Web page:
The official bodies of golf – the Royal & Ancient (R&A) and the United States Golf Association (USGA) – are preparing to unveil a new rule change that would outlaw anchoring the club while making a putting stroke. Though anchoring of the putter has been allowed for the last 20 years, and it has been used by winners in three of the last four major golf tournaments, many opponents of anchoring are in favor of the proposed ban.
PGA pro Graeme McDowell, the 2010 U.S. U.S. Open champion, is a strong advocate for banning long, or belly putters. “Let’s get everyone with a short putter back in the bag as the game is meant to be played,” said McDowell recently. “It’s just kind of a physical fact that if you can just take one element of movement and motion out of the stroke that holing putts will become easier.”
Anchoring the putter to the body is clearly not allowed, according to the current rules, as McDowell suggests. Also, long putters tend to remove any anxiety (read: yips) since the putter is essentially guided with the golfer’s hands. Given those facts and the usual “by the book” approach of the R&A and USGA, a change to ban anchoring should be forthcoming.
What the R&A and USGA are specifically focusing on is Rule 14-1: Ball to Be Fairly Struck At – The ball must be fairly struck at with the head of the club and must not be pushed, scraped, or spooned. The penalty for breach of this rule is loss of hole for match play or two strokes for stroke play.
With this very specific language already in the rule book, it would seem fairly obvious that a rule change is inevitable. In a joint statement a few days ago, the R&A and USGA’s proposed rule change would prohibit strokes made by anchoring the club. However, the proposal would not alter existing equipment regulations which allow for the use of the so-called belly or long-handled putters. Basically, you can use the putter, you just can’t use it anchored to your body. Confusion: Oh yeah. Compliance: Who knows?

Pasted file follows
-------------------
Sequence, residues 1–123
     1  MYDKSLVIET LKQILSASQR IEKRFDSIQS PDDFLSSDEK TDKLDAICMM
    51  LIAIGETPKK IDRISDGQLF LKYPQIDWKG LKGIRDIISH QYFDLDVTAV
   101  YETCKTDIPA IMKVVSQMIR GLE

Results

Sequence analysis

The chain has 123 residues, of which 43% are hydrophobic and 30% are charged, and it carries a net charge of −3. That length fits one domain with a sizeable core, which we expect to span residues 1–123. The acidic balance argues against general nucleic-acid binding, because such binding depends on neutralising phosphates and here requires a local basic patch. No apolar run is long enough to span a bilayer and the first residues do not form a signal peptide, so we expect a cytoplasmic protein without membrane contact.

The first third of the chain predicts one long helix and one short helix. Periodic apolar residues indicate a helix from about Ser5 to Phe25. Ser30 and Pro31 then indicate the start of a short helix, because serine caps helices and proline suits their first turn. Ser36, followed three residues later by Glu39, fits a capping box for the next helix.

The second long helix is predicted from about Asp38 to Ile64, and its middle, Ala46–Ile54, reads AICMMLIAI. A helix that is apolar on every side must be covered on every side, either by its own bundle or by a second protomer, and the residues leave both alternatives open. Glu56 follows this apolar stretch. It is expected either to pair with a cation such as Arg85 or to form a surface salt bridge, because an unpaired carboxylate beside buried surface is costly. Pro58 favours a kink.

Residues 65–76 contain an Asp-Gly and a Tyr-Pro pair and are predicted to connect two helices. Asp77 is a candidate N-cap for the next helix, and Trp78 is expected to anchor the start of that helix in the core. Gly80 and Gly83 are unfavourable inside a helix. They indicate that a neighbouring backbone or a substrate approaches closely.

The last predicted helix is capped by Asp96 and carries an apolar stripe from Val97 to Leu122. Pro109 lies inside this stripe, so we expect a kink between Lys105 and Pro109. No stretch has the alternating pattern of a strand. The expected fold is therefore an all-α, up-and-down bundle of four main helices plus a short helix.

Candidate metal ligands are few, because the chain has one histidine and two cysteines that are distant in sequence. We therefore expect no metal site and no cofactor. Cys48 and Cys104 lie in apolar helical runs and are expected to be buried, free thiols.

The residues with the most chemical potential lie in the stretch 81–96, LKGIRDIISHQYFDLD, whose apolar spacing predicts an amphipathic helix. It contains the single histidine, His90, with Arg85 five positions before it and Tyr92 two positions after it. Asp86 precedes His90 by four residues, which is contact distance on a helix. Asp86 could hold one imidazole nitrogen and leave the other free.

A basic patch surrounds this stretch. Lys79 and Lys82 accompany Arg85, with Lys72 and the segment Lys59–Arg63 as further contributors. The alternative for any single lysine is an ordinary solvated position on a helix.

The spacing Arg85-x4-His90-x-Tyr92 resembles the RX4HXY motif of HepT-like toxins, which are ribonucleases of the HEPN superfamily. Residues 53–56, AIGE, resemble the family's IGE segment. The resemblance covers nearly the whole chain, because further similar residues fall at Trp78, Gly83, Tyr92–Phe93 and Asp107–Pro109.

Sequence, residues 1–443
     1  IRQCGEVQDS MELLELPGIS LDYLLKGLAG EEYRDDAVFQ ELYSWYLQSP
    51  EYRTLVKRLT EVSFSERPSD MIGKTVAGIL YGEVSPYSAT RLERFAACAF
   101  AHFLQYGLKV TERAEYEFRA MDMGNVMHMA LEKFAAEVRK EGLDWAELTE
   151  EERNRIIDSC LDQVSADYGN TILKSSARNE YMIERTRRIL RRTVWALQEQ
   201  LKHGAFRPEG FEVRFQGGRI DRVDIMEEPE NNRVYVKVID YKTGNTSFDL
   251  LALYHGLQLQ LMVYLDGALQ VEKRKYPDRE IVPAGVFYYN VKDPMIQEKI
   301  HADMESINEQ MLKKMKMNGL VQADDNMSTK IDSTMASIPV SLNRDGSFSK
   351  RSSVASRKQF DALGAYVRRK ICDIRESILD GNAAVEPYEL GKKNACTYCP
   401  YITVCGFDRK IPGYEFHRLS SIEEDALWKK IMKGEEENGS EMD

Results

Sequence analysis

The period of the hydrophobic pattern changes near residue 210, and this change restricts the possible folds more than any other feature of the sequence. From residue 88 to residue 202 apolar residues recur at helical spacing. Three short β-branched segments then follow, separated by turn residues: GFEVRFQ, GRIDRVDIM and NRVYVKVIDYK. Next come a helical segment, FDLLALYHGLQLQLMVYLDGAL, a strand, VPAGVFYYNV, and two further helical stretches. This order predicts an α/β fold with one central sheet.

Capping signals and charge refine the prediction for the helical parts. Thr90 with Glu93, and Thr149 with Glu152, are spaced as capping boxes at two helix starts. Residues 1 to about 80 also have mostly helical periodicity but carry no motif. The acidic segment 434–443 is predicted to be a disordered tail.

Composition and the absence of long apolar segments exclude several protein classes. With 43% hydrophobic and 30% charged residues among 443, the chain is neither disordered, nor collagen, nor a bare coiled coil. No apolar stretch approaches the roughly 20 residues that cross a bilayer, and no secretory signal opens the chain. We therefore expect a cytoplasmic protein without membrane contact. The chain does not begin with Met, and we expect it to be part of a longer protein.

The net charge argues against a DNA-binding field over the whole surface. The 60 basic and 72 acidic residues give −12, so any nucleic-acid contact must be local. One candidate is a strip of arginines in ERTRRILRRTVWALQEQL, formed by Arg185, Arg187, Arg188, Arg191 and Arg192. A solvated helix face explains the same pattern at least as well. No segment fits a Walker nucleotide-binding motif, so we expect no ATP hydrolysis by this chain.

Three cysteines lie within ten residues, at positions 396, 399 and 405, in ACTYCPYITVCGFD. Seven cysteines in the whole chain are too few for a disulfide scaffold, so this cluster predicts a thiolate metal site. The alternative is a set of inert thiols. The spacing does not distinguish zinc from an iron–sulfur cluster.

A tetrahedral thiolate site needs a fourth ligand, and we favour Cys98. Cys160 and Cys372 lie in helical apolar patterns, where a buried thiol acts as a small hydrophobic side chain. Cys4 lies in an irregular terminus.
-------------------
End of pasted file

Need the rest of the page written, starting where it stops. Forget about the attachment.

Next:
“Throughout the 600-yearhistory of golf, the essence of playing the game has been to grip the club with the hands and swing it freely at the ball,” said USGA executive director Mike Davis in a joint statement issued with the R&A. “Our conclusion is that the Rules of Golf should be amended to preserve the traditional character of the golf swing by eliminating the growing practice of anchoring the club.”
The governing bodies of golf will consider any further comments and suggestions from throughout the golf community. If officially adopted, the rule change banning anchoring the club would take effect on January 1, 2016.